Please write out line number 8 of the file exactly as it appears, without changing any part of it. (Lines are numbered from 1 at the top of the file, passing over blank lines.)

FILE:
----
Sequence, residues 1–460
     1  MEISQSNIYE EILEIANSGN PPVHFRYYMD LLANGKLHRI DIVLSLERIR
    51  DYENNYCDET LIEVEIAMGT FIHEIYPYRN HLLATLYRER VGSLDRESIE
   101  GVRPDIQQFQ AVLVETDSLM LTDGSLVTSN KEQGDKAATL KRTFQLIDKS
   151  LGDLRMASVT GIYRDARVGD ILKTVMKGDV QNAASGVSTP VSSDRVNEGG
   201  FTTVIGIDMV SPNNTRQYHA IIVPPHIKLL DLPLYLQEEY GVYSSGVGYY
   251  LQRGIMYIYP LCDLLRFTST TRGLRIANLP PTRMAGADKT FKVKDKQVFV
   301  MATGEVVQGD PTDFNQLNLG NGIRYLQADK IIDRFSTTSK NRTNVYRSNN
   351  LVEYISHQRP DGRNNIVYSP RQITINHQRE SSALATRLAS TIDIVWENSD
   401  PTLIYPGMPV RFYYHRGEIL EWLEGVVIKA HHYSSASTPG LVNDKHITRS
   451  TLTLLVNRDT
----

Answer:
   301  MATGEVVQGD PTDFNQLNLG NGIRYLQADK IIDRFSTTSK NRTNVYRSNN